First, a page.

Ayala, who owned properties across the border and worked stateside with farm labor contractors, recently turned 90. Even with her parents’ limited resources and lack of knowing English, Preciado-Platero says they were always involved in their children’s education, open houses at school and activities.
“My dad is the only non-English speaking Republican I know,” she says. “My husband was so similar to my dad. He always gave us what we needed and a little bit of what we wanted.”
Preciado-Platero’s sister, Gloria Cross, says the age difference between Sylvia and the rest of the children in the family forged her independence and spirit. She was at one time the “baby” of the family and then all at once the eldest when her younger siblings were born and the older kids left the house.
“My mom would have her do a lot of things on her own. She used to go to the laundromat by herself, and with these older ladies who were trying to take over how she should do things … Sylvia held her own,” Cross says.
Though she had a lot of responsibility, being the in-between older sister, she emulated her mother’s composure and dedication to working for the family.
“Mom used to like to see people work. That was the nicest thing she could say about anybody, was that they were ‘trabajadora,’ or hardworking. We knew that aside from being honest, that was important,” Cross remembers. “Sylvia definitely embodies that.”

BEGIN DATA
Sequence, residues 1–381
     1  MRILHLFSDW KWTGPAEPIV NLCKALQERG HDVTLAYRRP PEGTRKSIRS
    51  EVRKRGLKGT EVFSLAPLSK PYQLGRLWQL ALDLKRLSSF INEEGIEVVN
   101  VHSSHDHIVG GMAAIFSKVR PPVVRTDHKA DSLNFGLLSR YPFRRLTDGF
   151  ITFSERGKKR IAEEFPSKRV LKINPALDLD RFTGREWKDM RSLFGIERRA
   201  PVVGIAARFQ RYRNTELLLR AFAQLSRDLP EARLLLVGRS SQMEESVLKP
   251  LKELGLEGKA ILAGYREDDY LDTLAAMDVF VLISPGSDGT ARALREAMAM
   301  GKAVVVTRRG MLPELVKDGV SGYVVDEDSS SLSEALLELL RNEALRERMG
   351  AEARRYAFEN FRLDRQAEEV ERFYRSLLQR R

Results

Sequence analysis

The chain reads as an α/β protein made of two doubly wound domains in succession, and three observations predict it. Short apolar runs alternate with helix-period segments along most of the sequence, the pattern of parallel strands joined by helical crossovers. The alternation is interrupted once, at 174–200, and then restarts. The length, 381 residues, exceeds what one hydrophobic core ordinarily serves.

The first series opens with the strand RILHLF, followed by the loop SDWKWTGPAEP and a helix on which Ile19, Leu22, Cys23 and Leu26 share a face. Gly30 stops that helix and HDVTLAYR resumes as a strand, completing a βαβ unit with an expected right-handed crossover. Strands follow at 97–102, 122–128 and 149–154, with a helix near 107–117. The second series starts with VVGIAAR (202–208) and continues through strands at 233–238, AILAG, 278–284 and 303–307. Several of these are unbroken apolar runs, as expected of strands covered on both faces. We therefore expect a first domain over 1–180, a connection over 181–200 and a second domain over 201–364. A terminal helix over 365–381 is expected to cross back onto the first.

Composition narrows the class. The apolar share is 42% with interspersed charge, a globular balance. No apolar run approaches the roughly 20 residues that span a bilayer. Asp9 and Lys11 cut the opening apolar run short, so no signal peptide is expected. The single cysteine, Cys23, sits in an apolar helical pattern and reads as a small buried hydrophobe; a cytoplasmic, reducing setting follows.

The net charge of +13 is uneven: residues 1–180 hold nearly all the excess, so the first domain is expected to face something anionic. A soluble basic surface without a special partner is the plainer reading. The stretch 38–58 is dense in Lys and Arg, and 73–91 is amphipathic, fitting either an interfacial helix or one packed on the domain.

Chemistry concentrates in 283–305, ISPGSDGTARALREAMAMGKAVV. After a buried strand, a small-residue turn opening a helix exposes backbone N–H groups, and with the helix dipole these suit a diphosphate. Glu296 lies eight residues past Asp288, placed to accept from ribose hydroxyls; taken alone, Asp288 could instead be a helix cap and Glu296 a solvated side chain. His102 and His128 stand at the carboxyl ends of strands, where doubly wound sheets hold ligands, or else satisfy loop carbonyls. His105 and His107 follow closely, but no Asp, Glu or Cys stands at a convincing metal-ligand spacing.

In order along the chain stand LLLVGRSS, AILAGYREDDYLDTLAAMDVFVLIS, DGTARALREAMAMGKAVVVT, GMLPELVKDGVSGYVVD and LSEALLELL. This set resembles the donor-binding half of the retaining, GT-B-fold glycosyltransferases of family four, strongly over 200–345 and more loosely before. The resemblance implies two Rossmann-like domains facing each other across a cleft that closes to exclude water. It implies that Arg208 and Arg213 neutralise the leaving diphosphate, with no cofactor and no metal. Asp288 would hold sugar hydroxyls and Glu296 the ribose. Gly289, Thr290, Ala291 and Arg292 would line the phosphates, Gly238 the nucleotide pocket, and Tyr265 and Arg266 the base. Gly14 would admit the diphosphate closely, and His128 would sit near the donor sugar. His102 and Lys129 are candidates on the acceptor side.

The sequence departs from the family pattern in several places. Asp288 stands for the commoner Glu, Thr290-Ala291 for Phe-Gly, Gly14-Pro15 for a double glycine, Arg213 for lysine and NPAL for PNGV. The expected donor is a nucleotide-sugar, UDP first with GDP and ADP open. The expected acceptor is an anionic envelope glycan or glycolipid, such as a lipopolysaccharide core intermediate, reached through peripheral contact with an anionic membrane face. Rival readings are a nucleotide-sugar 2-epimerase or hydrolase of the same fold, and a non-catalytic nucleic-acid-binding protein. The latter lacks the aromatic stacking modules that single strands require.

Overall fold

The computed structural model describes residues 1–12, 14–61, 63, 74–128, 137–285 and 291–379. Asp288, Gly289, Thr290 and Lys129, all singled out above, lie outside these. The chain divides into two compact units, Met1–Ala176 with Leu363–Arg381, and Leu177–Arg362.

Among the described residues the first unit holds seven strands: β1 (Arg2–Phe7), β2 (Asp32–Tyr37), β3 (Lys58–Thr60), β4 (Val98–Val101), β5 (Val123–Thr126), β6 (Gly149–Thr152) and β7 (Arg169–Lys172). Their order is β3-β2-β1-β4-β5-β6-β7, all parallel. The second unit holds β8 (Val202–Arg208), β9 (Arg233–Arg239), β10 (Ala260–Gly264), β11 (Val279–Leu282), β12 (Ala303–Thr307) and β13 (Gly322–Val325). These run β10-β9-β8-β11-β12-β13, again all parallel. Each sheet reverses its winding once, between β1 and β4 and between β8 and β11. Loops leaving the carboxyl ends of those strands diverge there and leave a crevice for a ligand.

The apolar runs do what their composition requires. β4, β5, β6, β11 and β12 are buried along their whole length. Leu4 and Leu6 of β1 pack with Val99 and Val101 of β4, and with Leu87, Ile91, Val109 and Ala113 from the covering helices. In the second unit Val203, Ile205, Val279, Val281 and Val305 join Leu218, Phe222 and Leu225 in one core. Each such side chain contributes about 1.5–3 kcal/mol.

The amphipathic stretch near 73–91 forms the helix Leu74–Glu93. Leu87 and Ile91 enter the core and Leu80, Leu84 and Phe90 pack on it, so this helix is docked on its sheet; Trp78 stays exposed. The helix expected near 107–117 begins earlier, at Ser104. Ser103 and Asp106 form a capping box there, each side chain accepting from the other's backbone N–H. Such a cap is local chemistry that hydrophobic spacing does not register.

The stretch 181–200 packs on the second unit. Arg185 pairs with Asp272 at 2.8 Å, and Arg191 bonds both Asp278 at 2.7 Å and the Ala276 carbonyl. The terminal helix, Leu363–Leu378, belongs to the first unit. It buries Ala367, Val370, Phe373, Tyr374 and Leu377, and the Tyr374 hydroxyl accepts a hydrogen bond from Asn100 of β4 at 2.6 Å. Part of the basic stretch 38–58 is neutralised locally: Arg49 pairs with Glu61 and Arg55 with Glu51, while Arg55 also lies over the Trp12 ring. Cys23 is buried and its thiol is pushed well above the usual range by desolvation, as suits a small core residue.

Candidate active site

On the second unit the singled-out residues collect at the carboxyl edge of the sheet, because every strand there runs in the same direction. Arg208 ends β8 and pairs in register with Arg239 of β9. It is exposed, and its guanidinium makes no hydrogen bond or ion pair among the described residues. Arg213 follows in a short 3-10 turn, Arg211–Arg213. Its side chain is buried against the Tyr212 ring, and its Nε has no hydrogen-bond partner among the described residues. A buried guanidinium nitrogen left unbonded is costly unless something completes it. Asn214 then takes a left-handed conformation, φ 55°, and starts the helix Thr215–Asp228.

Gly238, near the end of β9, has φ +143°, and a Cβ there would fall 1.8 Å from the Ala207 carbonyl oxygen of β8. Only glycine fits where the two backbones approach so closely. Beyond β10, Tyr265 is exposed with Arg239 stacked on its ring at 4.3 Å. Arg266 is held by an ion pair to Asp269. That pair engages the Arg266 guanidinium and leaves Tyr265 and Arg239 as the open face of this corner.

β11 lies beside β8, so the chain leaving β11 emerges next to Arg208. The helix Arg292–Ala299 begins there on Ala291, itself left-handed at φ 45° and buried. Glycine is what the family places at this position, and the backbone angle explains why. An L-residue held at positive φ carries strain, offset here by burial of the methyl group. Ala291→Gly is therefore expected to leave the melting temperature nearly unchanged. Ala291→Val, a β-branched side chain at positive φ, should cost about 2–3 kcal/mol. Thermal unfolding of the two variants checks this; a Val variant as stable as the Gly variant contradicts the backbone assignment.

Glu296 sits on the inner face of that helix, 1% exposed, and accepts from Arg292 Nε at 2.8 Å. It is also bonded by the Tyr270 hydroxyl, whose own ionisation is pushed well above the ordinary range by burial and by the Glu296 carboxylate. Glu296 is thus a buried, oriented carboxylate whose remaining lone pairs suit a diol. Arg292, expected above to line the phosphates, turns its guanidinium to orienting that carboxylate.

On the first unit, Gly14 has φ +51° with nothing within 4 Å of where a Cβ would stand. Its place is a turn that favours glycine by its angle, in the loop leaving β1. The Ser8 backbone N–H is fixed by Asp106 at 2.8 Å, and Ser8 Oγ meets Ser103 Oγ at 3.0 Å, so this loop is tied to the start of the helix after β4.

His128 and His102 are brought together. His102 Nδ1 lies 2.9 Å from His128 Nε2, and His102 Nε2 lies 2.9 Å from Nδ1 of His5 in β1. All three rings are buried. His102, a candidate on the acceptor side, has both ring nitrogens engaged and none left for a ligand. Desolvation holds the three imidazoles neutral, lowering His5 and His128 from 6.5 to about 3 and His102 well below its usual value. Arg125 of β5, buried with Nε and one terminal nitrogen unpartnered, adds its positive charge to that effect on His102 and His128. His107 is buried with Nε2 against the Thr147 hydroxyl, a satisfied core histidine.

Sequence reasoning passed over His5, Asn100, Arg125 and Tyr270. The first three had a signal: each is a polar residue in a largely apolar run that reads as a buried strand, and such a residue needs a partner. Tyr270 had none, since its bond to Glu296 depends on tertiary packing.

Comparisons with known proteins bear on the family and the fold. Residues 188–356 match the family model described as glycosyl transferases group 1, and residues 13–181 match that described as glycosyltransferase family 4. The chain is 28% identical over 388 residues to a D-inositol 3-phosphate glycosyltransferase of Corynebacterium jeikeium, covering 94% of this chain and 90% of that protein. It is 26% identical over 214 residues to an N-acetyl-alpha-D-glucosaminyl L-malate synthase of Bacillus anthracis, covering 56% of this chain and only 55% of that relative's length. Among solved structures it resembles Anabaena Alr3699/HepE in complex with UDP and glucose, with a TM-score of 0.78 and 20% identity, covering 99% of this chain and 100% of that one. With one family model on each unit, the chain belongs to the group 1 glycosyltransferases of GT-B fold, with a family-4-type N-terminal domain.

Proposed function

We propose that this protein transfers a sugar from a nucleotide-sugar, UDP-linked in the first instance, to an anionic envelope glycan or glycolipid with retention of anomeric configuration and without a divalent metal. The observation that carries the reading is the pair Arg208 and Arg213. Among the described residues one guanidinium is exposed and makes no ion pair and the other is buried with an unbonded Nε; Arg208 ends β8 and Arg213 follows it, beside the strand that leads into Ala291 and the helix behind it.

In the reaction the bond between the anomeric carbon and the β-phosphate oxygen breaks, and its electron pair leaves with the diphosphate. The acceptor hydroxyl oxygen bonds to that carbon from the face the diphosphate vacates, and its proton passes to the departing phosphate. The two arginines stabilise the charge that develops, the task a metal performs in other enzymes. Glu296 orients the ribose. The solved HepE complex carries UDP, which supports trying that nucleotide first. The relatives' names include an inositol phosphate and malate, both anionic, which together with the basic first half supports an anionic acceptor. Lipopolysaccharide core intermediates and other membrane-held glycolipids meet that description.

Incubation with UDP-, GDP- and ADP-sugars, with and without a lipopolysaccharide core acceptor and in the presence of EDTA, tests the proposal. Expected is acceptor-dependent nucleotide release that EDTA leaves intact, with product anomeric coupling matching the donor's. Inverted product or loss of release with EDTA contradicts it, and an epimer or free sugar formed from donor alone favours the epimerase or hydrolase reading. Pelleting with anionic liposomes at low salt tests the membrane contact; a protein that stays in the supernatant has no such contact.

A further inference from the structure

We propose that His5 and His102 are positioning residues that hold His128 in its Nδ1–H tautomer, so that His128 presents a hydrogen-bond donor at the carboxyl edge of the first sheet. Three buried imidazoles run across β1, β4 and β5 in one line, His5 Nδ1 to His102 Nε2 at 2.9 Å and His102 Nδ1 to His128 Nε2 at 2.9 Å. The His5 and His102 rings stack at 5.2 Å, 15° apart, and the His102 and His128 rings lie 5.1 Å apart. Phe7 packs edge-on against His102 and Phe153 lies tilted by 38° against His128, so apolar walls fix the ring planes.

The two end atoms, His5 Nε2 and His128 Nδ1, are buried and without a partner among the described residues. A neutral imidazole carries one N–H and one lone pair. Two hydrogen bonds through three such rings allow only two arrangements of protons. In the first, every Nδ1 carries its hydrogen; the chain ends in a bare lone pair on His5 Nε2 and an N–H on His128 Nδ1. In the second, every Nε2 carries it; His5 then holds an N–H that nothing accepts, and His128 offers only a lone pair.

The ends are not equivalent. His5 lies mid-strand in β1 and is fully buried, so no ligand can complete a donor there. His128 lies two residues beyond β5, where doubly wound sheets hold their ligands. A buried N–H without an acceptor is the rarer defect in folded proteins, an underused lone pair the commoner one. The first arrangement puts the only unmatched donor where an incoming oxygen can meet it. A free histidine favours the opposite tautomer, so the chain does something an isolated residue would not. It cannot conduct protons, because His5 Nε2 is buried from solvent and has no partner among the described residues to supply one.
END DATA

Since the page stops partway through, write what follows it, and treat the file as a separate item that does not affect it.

Cross says her sister carries a kind of quiet strength that is “polite but that should not be taken that for granted. It doesn’t mean she’s a pushover — she’s a strong person with manners. She can be really tough.”
Preciado-Platero says she was infinitely inspired by her mother, and even in high school, while others dreamed of life outside the home, she clung to the idea of keeping a home and taking care of others.
“It sounds silly, but I always wanted to be a housewife,” she laughs.
Rekindling of a Friendship
Although they met in seventh grade, Preciado-Platero and Miguel (Mike) Platero didn’t strike up anything more than friendship until 1979, a year after they graduated high school.
In high school Mike was every part of the “bad boy you weren’t supposed to date,” she says. He had long hair and wore sandals, but when he showed up at a party a year later, he was clean cut.
Platero had joined the Navy and seemed different, more mature.
When a mutual friend was killed, Preciado-Platero wrote Mike a letter of condolence.
“I didn’t think anything of it, it was just a note, but we started talking,” she remembers.
Through two tours in the Navy, the couple stuck it out together. They were married in 1982 and their first child, Miguel Jr., was born in 1983.
“Mike never lost himself. He was the kind of guy who always encouraged you to speak out and do what was right. You wanted him on your side. He would provide you with strength,” Preciado-Platero says of her late husband.
Read more about Preciado-Platero in the February 2013 edition of Valley Women Magazine in print or our online E-Edition.
Copyright © 2013, Imperial Valley Press